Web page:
These are normally located away from the road, but may occasionally be found alongside footpaths or pavements. Cyclists and pedestrians may be segregated or they may share the same space (unsegregated). When using segregated tracks you MUST keep to the side intended for cyclists as the pedestrian side remains a pavement or footpath. Take care when passing pedestrians, especially children, older or disabled people, and allow them plenty of room. Always be prepared to slow down and stop if necessary. Take care near road junctions as you may have difficulty seeing other road users, who might not notice you.

This is common sense and we should do everything we can to protect the most vulnerable users of the roads. Drivers hate us, that is a given, so let’s not have pedestrians hate us also.

Rule 63 – Cycle Lanes

These are marked by a white line (which may be broken) along the carriageway (see Rule 140). When using a cycle lane, keep within the lane when practicable. When leaving a cycle lane check before pulling out that it is safe to do so and signal your intention clearly to other road users. Use of cycle lanes is not compulsory and will depend on your experience and skills, but they can make your journey safer.

Again the key here is that the use of cycle lanes is not compulsory by the Highway Code. Sometimes I use them and sometimes I don’t and in each case it is because of safety. IN the UK, we are a long way being our continental cousins when it comes to cycling infrastructure.

Rule 64 - You MUST NOT cycle on a pavement.

This is one of those “must” ones and therefore an actual law. This is why we cycle on roads and not on normal pavements. Drivers cannot seriously advocate the breaking of the law surely? The pavement is for pedestrians and not for cyclists travelling at 20 mph. Accidents will happen and pedestrians will hate us.

Rule 65 – Bus Lanes

Most bus lanes may be used by cyclists as indicated on signs. Watch out for people getting on or off a bus. Be very careful when overtaking a bus or leaving a bus lane as you will be entering a busier traffic flow. Do not pass between the kerb and a bus when it is at a stop.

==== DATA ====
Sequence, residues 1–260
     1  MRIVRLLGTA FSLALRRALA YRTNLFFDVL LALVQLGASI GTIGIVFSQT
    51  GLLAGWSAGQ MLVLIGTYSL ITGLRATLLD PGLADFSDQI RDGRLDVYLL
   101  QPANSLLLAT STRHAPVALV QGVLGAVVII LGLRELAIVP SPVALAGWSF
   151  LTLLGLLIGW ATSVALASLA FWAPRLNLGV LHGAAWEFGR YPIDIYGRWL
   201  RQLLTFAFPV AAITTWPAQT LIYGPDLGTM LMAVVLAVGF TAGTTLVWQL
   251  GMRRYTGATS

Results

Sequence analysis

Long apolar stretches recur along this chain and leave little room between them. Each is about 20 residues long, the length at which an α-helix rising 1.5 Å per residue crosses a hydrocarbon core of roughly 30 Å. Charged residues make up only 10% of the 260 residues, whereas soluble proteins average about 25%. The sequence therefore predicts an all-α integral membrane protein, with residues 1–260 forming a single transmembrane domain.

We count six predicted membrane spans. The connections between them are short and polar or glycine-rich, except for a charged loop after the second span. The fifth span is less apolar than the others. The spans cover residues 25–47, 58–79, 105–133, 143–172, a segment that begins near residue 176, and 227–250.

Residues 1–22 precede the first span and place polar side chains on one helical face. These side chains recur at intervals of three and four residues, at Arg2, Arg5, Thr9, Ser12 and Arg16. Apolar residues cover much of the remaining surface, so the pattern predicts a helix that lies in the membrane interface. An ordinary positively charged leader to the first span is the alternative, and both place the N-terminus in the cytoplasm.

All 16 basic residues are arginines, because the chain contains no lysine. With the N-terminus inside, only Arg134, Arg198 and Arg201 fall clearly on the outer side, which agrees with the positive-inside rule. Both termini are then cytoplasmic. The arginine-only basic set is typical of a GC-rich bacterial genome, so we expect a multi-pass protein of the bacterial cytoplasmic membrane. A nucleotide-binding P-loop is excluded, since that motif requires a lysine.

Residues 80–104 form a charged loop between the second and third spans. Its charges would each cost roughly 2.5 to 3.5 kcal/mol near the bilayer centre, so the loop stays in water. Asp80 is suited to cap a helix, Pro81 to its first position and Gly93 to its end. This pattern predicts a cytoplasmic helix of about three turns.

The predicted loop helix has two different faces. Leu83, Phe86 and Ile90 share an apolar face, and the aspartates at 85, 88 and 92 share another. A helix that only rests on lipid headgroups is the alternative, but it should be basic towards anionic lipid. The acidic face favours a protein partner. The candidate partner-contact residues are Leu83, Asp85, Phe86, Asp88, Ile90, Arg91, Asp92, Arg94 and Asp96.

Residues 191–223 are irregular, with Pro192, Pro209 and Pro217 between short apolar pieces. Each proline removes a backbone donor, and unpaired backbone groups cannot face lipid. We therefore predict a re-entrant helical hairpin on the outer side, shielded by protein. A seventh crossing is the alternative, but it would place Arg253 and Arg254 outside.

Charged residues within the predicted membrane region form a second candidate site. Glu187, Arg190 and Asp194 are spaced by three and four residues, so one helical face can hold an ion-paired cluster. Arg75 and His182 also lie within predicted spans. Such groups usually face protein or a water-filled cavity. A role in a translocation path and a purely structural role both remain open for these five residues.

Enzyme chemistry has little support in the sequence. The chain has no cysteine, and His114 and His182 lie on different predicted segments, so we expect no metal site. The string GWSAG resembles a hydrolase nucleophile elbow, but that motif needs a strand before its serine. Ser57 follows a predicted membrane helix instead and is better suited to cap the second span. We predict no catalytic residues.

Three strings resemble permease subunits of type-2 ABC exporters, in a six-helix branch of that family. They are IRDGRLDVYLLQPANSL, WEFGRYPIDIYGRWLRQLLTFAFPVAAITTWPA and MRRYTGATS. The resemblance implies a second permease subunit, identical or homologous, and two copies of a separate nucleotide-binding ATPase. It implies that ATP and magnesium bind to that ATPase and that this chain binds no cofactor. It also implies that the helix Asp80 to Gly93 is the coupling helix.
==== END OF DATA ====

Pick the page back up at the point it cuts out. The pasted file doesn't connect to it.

Drivers hate cyclists. Cyclists hate buses. They are slow, stop often and spew toxic fumes straight into our faces as we breathe deeply. I use bus lanes as and when appropriate but like most cycling infrastructure it is usually not fit for purpose.

Rule 66

You should:

  • keep both hands on the handlebars except when signalling or changing gear

  • keep both feet on the pedals

  • never ride more than two abreast, and ride in single file on narrow or busy roads and when riding round bends

  • not ride close behind another vehicle

  • not carry anything which will affect your balance or may get tangled up with your wheels or chain

  • be considerate of other road users, particularly blind and partially sighted pedestrians. Let them know you are there when necessary, for example, by ringing your bell if you have one. It is recommended that a bell be fitted.

The third bullet point here should be of interest to those drivers that get frustrated when cyclists ride side-by-side. The Highway Code is clear; riding abreast is allowed. It is potentially safer since the driver is forced to occupy more of the other lane and will be less tempted to squeeze past as they might a single cyclist.

In the interests of avoiding an all-out civil war I think it is important that cyclist adopt a common sense approach to this issue. I rarely get the opportunity these days to cycle with my friends never mind see them so when those days happen we often ride beside each other to catch-up on life whilst enjoying the outdoors. When we are on busy roads we ride single file and then switch back to cycling side-by-side on the quiet country roads that bless this country. If I hear a car approaching from behind typically I will get out the saddle and jump in front of my friend as a courtesy to the driver. To give the majority of drivers credit, they usually pass safely and might even offer a wave of appreciation.

My feeling on this is that if you have chosen to drive on narrow country roads then you should not be in a rush and waiting an extra few seconds to overtake a couple of chatting cyclists should not be an undue stress on your day.

Take it from my experience that the rule about driving too close to another vehicle is a sound one. In the wet their brakes are much more effective than that of a bike and I found myself squished against the rear window of car once, a couple of toddlers looking back at me in surprise. It was embarrassing and it was my fault.